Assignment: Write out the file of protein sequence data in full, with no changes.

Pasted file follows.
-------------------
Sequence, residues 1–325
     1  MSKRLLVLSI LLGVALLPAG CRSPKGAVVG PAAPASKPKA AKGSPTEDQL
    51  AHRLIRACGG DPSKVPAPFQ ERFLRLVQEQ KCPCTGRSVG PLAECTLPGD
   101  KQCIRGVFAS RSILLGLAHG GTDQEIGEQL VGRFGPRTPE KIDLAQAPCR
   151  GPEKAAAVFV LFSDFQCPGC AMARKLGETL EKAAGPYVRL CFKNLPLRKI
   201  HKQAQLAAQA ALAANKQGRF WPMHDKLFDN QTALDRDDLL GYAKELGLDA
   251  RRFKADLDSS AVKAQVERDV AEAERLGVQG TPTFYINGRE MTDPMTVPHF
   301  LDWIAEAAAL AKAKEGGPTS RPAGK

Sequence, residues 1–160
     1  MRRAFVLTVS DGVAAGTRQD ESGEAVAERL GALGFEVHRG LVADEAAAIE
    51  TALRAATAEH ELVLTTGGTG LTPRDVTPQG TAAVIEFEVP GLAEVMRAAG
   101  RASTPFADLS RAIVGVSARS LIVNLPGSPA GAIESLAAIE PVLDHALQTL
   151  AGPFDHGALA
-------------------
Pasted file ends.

Sequence, residues 1–325
     1  MSKRLLVLSI LLGVALLPAG CRSPKGAVVG PAAPASKPKA AKGSPTEDQL
    51  AHRLIRACGG DPSKVPAPFQ ERFLRLVQEQ KCPCTGRSVG PLAECTLPGD
   101  KQCIRGVFAS RSILLGLAHG GTDQEIGEQL VGRFGPRTPE KIDLAQAPCR
   151  GPEKAAAVFV LFSDFQCPGC AMARKLGETL EKAAGPYVRL CFKNLPLRKI
   201  HKQAQLAAQA ALAANKQGRF WPMHDKLFDN QTALDRDDLL GYAKELGLDA
   251  RRFKADLDSS AVKAQVERDV AEAERLGVQG TPTFYINGRE MTDPMTVPHF
   301  LDWIAEAAAL AKAKEGGPTS RPAGK

Sequence, residues 1–160
     1  MRRAFVLTVS DGVAAGTRQD ESGEAVAERL GALGFEVHRG LVADEAAAIE
    51  TALRAATAEH ELVLTTGGTG LTPRDVTPQG TAAVIEFEVP GLAEVMRAAG
   101  RASTPFADLS RAIVGVSARS LIVNLPGSPA GAIESLAAIE PVLDHALQTL
   151  AGPFDHGALA